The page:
Naming conventions of variables in programming

Naming conventions of variables in programming

Naming Conventions

Naming conventions refer to the guidelines that we as programmers follow to name various identifiers like variables, functions, class, etc. This is particularly useful when we need to find a specific thing (e.g., variable, function, or even files). This makes us more productive as programmers and helps us to identify what is what.

Why do we need them?

As I said earlier, naming conventions are very useful and are a standard of professional developers. We, as developers, are constantly reading and writing code in our domain. This makes us encounter different types of code and logic. If we are able to identify what is what, then we can more easily comprehend the program. If we are able to do this, then it becomes very easy for us to add features, remove features, refactor code, and many more.

Some points to remember
  1. Giving good names to identifiers makes it easy to find things.
  2. Which, in return, gives us more comprehension of the code and logic.
  3. This makes us more effective as programmers and greatly improves our skill.
  4. It also helps us to differentiate if something is to be accessible to the user and what is to be used within the function (abstraction).

Naming Conventions across programming

Now that we understand why naming conventions are important in our field, we can dive into the various naming conventions that are actually used.

These are different case notations that you will come across while programming. It is better to remember them all (it is quite useful).

  1. Camel Case:

    • Example: camelCaseVariable
    • In camel case, the first letter of each word is capitalized except for the first word.
  2. Pascal Case (or Upper Camel Case):

    • Example: PascalCaseVariable
    • Similar to camel case, but the first letter of the first word is also capitalized.
  3. Snake Case:

    • Example: snake_case_variable
    • Words are separated by underscores, and all letters are usually lowercase.
  4. Kebab Case (or Dash Case):

    • Example: kebab-case-variable
    • Words are separated by hyphens, and all letters are usually lowercase.

Now that you know about the various case notations, I can show you what you should do to define an identifier (at least a general guideline).

  1. Be descriptive about your identifiers:

    • You should be descriptive about your identifiers which gives you info on what is what and what does what. This is a general rule of thumb. For example, “backgroundSetter” can be a name of a function that sets the background of your desktop. Similarly, you should try to use names that actually describe what the function does.
  2. Use camel case or snake case:

    • For variable and function use either camel case or snake case. I generally use snake case for variable names and camel case for variables. That is my style, but you can be free to choose whether to use camel or snake case.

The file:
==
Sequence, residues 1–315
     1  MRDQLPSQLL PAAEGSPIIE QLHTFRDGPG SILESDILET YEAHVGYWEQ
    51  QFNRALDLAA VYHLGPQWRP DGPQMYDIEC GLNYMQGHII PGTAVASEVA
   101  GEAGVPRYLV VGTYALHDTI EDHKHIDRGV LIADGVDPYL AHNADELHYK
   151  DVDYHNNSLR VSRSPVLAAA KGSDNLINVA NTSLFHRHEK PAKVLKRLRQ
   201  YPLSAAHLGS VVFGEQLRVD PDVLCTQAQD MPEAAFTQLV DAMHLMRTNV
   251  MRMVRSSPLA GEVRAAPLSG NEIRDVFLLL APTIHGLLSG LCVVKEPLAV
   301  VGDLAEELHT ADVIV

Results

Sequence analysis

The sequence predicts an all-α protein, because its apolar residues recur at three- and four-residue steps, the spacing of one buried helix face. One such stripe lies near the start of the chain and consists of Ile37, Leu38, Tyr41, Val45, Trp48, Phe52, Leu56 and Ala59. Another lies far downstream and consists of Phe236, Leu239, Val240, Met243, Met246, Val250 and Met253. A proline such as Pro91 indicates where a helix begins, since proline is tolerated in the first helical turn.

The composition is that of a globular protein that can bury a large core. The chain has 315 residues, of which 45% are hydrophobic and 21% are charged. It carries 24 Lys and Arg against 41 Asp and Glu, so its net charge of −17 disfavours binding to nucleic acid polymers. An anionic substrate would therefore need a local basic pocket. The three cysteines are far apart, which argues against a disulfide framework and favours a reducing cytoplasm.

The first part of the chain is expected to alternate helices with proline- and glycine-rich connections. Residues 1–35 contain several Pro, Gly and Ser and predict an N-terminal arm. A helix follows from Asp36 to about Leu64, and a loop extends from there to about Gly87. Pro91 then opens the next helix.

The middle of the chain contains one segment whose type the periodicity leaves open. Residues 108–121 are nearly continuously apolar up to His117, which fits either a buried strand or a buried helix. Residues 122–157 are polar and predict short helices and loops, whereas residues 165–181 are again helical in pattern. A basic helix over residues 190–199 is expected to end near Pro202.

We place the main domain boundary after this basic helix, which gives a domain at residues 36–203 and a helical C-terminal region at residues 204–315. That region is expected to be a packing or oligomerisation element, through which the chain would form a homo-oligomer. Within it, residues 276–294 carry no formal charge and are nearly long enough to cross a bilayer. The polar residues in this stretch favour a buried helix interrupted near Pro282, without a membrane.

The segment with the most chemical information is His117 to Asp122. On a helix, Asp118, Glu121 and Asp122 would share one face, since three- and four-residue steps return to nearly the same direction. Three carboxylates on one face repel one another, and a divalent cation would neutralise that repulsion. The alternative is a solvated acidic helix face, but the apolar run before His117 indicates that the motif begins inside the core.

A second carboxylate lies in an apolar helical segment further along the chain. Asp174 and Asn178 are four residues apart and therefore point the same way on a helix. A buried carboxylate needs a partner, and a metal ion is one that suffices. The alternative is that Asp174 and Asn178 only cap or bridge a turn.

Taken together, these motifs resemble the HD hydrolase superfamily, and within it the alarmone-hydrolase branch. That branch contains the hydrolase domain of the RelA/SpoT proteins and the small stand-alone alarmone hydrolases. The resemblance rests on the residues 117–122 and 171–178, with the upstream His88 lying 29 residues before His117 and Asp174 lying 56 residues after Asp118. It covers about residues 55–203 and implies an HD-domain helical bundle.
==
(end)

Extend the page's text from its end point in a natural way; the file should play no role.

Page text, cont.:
3. Avoid Single-letter names:

    • It is often tempting to use single-letter names to define variables such as counters in a loop, but in production code, that is rarely seen. This is because when the codebase gets bigger and bigger, it becomes increasingly difficult for us to debug code and understand it better. So, try to avoid this pattern.
  4. Consistency is Key:

    • Maintain a consistent naming style throughout your codebase. If you start with a particular convention, stick to it.
  5. Consider the Scope:

    • Use longer and more descriptive names for variables with larger scopes (e.g., class-level variables) and shorter names for local variables.
  6. Follow Language Conventions:

    • Adhere to the naming conventions established by the programming language you’re using.
  7. Use Verb-Noun Naming for Functions:

    • Choose function names that indicate actions. For example, calculateTotal, getUserData.
  8. Think about the Future:

    • Consider how maintainable your code will be in the future. Choose names that will still make sense as the code evolves.
  9. Review and Refactor:

    • Regularly review your code and refactor names if needed. As your understanding of the code improves, you may find better names.
  10. Documentation:

    • If an identifier’s purpose is not immediately clear from its name, consider adding comments or documentation to explain its role.


In essence, naming conventions are the unsung heroes of clean and maintainable code. By adhering to well-established guidelines such as Camel Case or Snake Case, developers create a shared vocabulary that enhances code readability and collaboration. Thoughtful and descriptive identifiers serve as beacons, guiding programmers through the logic of a program and facilitating seamless code maintenance. Consistency in naming not only streamlines individual projects but also fosters a universal language in the programming community. Embracing these conventions is akin to investing in the longevity and clarity of code, ultimately contributing to more efficient development and a collective pursuit of code quality.